Wouldn’t it be nice if there was a number or a schedule you could follow? While it would be great if there was research that suggested that mailing exactly every 5 days gets you the best results every time, there is no such thing. And there’s a very good reason for it.
Every market, every niche, every audience and every person is different. While you’ll never make everyone on your list happy, there is a lot you can do to make just about any email frequency work.Details
You’re spending a lot of time each week crafting emails to your subscribers, but none of that will do you any good if you don’t have a decent delivery rate. If those emails land in your potential customers’ spam folders, you don’t have much of a chance of making a sale or building a relationship with them. Here are three tips that will help insure that your emails make it to your subscribers’ inboxes.
Use A Reputable Auto Responder ServiceDetails
The first thing you need to get right when it comes to email marketing is the subject line. If you can’t get your subscribers to open your emails, it really doesn’t matter how good the actual email is.
It’s easy to spend a lot of time crafting a great message and then just slap a subject line on it at the end. Spend some time writing them and see what type of headline gets you good open rates. Here are five tips to get you started.Details
So you may remember a while back I did a review of my friend Adrienne Graham’s book, No You Can’t Pick My Brain It Costs Too Much. Well, I just wanted to give you an update on how that is going for me.Details
For a writer with a solid funnel in place, it’s easy to take a look at the number of subscribers at each level of the funnel and predict pretty accurately what the sales are going to be from day to day or week to week.
If you’ve got a funnel in place, though, and your numbers aren’t looking great, chances are you have a leak somewhere. Your funnel has a hole (or two or three) where subscribers are falling through. There are four common causes for funnel leaks, and once you spot them, they’re pretty easy to fix.Details
For writers, a sales funnel is probably the most important marketing tool you have. And yet many entrepreneurs – both new and established – have no clear understanding of what a funnel is or how it works.
As you can imagine, failing to fully understand this critical part of your business means fewer sales, lower profits, and ultimately, an unstable business.
A Simple Sales Funnel
At its most basic, a sales funnel consists of free content, which typically requires nothing of your readers. Many sales funnels begin with blog posts, YouTube videos, Facebook content, and other information readers can access at no cost. This is the “top” of your funnel.Details
I am usually not a first run movie goer. I like to wait a couple of weeks to go see a movie because the movie theaters are usually too crowded during the first weekend it is in theaters. However, for this movie, I had to make an exception. Wonder Woman has been one of my favorite superheroes since I was a kid. So quite naturally, I have been anticipating this movie. I was absolutely thrilled that they were finally giving a female superhero her own movie. As usual, I noticed some business applications. So here are some things entrepreneurs can learn from Wonder Woman. (Spoiler alert: I may give away some scenes, but nothing too integral to the story)Details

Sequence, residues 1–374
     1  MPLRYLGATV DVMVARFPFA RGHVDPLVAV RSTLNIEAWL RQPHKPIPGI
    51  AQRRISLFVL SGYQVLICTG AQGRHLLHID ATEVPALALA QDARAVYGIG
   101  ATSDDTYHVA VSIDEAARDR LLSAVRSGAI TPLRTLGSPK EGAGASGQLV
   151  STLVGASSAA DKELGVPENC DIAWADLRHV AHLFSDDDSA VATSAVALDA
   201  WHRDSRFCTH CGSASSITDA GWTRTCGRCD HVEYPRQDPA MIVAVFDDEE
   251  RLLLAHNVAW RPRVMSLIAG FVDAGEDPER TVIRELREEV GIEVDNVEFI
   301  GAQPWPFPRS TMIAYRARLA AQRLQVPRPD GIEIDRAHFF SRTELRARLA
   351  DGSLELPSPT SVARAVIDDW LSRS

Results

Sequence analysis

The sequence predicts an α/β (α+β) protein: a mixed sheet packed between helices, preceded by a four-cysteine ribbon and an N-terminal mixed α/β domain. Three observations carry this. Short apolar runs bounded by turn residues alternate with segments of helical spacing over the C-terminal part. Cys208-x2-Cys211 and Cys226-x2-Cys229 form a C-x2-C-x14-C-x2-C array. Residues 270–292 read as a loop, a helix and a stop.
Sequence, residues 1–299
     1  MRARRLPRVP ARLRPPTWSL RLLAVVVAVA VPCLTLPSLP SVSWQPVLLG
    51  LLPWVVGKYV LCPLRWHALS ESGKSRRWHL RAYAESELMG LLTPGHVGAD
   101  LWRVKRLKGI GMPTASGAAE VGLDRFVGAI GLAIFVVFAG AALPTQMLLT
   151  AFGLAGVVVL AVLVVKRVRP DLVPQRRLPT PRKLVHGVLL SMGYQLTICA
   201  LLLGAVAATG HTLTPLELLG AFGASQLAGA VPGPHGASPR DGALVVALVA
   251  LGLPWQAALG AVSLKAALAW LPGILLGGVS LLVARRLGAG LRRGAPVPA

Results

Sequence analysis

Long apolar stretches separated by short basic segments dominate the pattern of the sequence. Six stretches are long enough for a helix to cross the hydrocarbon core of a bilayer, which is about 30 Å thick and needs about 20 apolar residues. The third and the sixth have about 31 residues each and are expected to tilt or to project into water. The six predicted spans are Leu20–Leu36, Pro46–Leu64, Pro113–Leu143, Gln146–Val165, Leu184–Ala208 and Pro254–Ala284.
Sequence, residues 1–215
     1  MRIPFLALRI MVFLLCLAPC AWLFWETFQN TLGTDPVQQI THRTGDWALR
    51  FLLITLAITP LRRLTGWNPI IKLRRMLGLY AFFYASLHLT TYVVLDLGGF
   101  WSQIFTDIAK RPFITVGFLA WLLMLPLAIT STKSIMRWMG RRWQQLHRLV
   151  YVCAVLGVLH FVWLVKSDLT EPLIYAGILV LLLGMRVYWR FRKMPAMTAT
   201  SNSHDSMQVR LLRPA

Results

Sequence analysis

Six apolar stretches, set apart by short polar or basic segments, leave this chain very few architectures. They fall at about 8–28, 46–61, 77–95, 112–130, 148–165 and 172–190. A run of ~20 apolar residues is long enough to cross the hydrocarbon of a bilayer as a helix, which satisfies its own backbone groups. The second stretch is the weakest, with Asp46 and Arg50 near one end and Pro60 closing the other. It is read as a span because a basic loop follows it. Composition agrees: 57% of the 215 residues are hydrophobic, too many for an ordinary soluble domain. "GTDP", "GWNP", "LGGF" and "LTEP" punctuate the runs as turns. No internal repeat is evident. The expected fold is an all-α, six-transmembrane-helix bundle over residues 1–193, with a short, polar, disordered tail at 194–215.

This is a little different from the normal type of post I make. This is for my fellow workaholics that may be reading this post. This is a holiday weekend for most people in the US. Take some time for yourself this weekend. Even if it’s just an hour. Find some time to pause. It’s easy to fall into the trap of, “Oh I have to work on my business every free minute that I have.” While it is true that you do have to invest time in your business, if you don’t take care of yourself, you will burn out.Details
Want to know what keeps a lot of writers from charging what they’re really worth?
It’s that all-too-common belief that ‘I am not a sales person.’ Combine that with a healthy dose of ‘It’s rude to discuss money’, and you can see why it’s just easier to keep your rates low.
It’s time to think of your services from a different angle. Not only will you see things in a clearer light, but selling suddenly won’t feel so salesy.
Here’s how traditional pricing discussions go:
You talk to a potential client, and you explain what you can offer, how your coaching or service works, what he or she can expect (how many calls/emails, phases of work, length of contract), etc. And then you say, ‘My rate is $XXX.00.’
Your client either says yes, no or (the kiss of death) maybe. Here’s how you can make this conversation turn into a yes more often.
Focus On Your Potential Client’s Goals.
Your client is looking for a writer for a reason. Ask your potential client what she plans to accomplish as a result of using your services. Once you know this information, focus on what they will achieve as a result of using your services.
It might just be the most stressful decision you ever have to make: how to set your rates.
You’ve got the competition to consider, your own skill set, what you perceive to be your skills (yes, this is different from the former for most of us), what your market will pay, your location, and a host of other variables. Working it out can feel like a hurdle you can’t quite get past.
Of course, there are some strategies you can employ. You can just pick a random price that you like. You could also decide what you want to make per month and then figure out how much you need to charge per piece to get to that number. I have a calculator that can help with this on my site at www.writerresourcesite.com.
But what about all those other questions? Creating a solid pricing structure requires you to do a little more digging. So with your starting number in line, take a look at: